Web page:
This poem starts with the Hebrew words for left (Smol) and right (Yameen). In the Israeli army, they are loudly called out during a cadence march. The poem then moves to the very different environment of a Zendo in NYC. Years later these words came back to me during walking meditation, creating a disorienting sense of unreality, even astonishment at this new setting. What does it mean for a soldier to find himself in this still, serene environment? Is it not mere pretense to walk with such beatific air? As a gay young man, I did not see my fellow platoon members as brothers in arms. I saw aggression and pride in their new-found power, exemplified by the M-16 in their hands. They would most likely have laughed at this new group I’ve assimilated myself into, walking with the foolish idea that slow steps and a soft gaze can bring us to enlightenment. Is it possible for me now to let go of my boots and helmet when these Hebrew words assert themselves at every step I take?
We present in this section a collection of poetical contributions that explore the topic of the close encounter in war.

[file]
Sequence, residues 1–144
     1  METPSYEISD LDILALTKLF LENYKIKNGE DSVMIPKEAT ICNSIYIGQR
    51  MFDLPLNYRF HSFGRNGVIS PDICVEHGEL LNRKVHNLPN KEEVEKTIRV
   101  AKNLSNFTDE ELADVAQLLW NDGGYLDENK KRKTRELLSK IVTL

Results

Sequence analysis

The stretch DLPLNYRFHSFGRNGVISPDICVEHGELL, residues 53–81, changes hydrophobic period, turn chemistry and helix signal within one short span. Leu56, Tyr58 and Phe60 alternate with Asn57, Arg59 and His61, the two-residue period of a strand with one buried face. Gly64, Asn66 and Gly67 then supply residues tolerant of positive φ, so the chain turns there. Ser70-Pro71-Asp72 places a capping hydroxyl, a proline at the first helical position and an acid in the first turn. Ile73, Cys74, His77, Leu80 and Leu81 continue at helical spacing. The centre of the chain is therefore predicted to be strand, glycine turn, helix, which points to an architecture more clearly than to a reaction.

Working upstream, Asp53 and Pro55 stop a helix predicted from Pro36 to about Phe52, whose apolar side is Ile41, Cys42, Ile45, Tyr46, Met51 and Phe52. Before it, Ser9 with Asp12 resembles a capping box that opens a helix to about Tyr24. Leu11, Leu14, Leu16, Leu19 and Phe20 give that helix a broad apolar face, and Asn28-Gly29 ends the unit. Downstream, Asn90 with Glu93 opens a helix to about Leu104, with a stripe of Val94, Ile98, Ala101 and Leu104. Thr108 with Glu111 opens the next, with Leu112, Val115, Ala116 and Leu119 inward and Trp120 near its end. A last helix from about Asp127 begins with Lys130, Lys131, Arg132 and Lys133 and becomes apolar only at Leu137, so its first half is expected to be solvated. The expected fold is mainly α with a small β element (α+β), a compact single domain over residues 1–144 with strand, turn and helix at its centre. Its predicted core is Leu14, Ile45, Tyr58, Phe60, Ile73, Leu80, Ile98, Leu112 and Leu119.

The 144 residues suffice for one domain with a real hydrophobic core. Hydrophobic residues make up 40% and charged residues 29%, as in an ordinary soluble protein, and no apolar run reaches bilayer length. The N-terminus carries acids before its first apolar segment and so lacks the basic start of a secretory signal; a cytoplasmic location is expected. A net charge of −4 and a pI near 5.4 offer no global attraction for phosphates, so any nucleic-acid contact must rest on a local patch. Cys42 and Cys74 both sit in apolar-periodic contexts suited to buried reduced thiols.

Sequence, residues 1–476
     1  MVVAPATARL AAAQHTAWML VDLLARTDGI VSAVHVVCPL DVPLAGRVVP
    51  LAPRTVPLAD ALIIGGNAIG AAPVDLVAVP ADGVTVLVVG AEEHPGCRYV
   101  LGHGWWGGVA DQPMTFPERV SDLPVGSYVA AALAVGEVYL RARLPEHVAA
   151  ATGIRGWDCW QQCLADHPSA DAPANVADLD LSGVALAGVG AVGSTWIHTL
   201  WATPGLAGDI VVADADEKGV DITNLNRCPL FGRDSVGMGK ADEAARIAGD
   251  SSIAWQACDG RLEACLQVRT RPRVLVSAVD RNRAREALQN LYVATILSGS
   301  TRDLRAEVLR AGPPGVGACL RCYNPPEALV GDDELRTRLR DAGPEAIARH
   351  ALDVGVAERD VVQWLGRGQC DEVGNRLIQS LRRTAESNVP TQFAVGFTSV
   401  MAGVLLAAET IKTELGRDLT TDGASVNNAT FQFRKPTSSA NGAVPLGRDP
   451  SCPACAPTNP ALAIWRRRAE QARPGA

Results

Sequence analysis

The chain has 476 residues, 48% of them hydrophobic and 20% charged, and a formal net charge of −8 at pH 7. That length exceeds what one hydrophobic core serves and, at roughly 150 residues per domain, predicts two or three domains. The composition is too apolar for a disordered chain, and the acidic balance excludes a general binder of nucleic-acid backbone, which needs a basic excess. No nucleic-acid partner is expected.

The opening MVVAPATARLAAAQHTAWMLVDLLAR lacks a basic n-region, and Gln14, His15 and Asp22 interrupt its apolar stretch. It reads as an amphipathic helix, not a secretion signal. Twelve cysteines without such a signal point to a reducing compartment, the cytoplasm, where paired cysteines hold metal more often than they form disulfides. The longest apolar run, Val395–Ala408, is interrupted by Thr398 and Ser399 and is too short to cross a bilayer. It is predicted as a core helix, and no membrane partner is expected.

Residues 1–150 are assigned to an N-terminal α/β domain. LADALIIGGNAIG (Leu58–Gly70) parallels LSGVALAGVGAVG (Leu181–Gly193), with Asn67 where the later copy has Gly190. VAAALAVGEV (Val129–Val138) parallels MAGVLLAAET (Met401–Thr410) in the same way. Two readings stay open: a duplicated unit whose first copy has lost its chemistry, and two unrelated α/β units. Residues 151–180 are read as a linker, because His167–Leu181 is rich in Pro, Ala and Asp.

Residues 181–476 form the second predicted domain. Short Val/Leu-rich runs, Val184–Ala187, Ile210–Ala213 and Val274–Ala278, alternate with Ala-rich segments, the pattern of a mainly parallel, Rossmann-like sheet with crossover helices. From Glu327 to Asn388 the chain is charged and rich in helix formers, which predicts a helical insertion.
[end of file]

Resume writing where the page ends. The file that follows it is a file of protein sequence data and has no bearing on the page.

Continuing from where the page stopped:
Peter Yeomans: Two Poems (June 4, 2021)
Scott Casey: You died today (May 4, 2021)
Kate Dahlstedt: Sentry (April 21, 2021)
Humberto Ak’abal: Selected poems from In the Courtyard of the Moon (Tia Chucha Press, 2021) (March 26, 2021)
Edward Tick: The Emotions after War in Viet Nam. Poetry from my Reconciliation and Healing Journeys (March 17, 2021)
Yoav Ben Yosef: Smol Yameen (March 9, 2021)
Trần Đình Song: Dòng suối quê hương (The Streams of Our Native Land) (February 22, 2021)
Charles “Sandy” Scull and Brent “Mac” MacKinnon: Selected poetry and prose by Sandy Scull and Brent MacKinnon from the volume Agent Orange Roundup. Living with a Foot in Two Worlds (Bookstand Publishing, 2020) (December 27, 2020)
Edward Tick: Selected poetry and prose by Edward Tick (December 27, 2020)